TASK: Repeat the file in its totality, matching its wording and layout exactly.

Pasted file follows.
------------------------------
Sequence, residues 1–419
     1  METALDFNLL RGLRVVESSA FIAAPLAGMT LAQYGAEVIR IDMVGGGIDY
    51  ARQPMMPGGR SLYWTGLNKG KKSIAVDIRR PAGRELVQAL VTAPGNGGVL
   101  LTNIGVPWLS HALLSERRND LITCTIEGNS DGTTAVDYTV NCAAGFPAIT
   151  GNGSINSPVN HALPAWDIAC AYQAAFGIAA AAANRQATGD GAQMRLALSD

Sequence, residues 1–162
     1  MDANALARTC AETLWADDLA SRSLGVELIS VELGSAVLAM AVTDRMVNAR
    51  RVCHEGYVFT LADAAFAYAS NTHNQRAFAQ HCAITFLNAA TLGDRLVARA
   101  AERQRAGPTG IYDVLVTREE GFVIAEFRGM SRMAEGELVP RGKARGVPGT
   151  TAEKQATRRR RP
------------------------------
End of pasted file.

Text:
Sequence, residues 1–419
     1  METALDFNLL RGLRVVESSA FIAAPLAGMT LAQYGAEVIR IDMVGGGIDY
    51  ARQPMMPGGR SLYWTGLNKG KKSIAVDIRR PAGRELVQAL VTAPGNGGVL
   101  LTNIGVPWLS HALLSERRND LITCTIEGNS DGTTAVDYTV NCAAGFPAIT
   151  GNGSINSPVN HALPAWDIAC AYQAAFGIAA AAANRQATGD GAQMRLALSD

Sequence, residues 1–162
     1  MDANALARTC AETLWADDLA SRSLGVELIS VELGSAVLAM AVTDRMVNAR
    51  RVCHEGYVFT LADAAFAYAS NTHNQRAFAQ HCAITFLNAA TLGDRLVARA
   101  AERQRAGPTG IYDVLVTREE GFVIAEFRGM SRMAEGELVP RGKARGVPGT
   151  TAEKQATRRR RP